Toronto — The new United States-Mexico-Canada Agreement should bring more jobs and investment to Canada, provided details surrounding local content and labor requirements are sorted out, Magna International Inc. CEO Don Walker said.
“There’s a lot of detail here, but overall I think it will be good for the industry,” Walker said Thursday at the Automotive News Canada Congress in Toronto. “There should be more jobs here and more investment here and more trading with great trading partners, the U.S. and Mexico.”
Magna uses plastics for interior and exterior parts. It was No. 34 in the most recent Plastics News ranking of North American injection molders with an estimated US$275 million in sales in the region.
In order to ship between the countries duty-free under the USMCA, 75 percent of a vehicle’s content must be sourced from within the three countries, up from 62.5 per cent under the North American Free Trade Agreement. It also requires 40 to 45 per cent of parts on a vehicle to be made by workers who make at least US$16 (C$21.21) per hour.
The deal was designed by the three countries to level the playing field after automakers under NAFTA opened numerous assembly plants in Mexico due to its cheaper labor costs. Suppliers in Canada have expressed optimism that regional content requirements would increase business for them. The Automotive Parts Manufacturers’ Association has estimated the USMCA would bring in up to C$8 billion (in additional annual parts orders in Canada.
Walker said the USMCA makes the North American region as a whole more competitive with the rest of the world, particularly China.
In launching trade discussions in North America, the United States’ “real objective [was] to level the playing field with China,” he said. “I think it was probably 10 years too late, and they’d probably admit that. But China is going to roll over [North America] if we don’t get a stronger position and better negotiation with them. They’re a scary competitor.”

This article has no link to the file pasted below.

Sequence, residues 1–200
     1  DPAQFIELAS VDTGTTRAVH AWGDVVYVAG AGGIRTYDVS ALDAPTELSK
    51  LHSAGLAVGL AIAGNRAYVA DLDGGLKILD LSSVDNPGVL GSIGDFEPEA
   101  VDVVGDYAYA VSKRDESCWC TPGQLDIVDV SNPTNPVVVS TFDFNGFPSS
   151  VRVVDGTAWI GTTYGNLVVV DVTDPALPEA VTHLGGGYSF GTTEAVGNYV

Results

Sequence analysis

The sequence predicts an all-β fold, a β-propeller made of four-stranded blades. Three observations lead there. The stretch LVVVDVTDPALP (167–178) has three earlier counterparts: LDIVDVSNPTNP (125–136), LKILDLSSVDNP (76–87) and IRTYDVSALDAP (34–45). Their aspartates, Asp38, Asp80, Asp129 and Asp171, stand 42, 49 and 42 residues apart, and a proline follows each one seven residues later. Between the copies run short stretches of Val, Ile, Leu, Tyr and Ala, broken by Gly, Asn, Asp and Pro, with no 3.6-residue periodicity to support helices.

Walker cautioned that the transition from NAFTA to the USMCA’s rules could be too quick to allow the industry to properly understand and adjust to new regulations. Under the terms of the deal, the USMCA will go into effect 90 days after the final country ratifies the deal. Canada has yet to ratify the bill, while the United States and Mexico have.
Walker said he said he wrote a letter to Deputy Prime Minister Chrystia Freeland and United States Trade Representative Robert Lighthizer urging them to push that back to the start of 2021.
“We’re going to have to make sure all the OEMs approach it the same way, but there’s no way we’re going to get it done,” he said. “The fact is regional value content is going up. That should mean there’s going to be more local sourcing, unless it gets so complicated where they can’t meet the target, in which case somebody may say, ‘I’m going to make the vehicle outside of NAFTA, pay the duty and ship it in.’”
Walker also warned that if wages rise too quickly in Mexico as a result of the new trade pact, supply work could go overseas where it might still be cheaper.
"Be careful what you wish for," he said.
Prime Minister Justin Trudeau’s Liberal Party, now in a minority, requires votes from one of the opposition parties in Parliament in order for Canada to ratify the agreement. Walker urged the House of Commons to move quickly to ratify the USMCA.
“I hope there’s not going to be a lot of political debate for the sake of political debate,” he said. “I think it will get passed. You can’t really change it at this point.”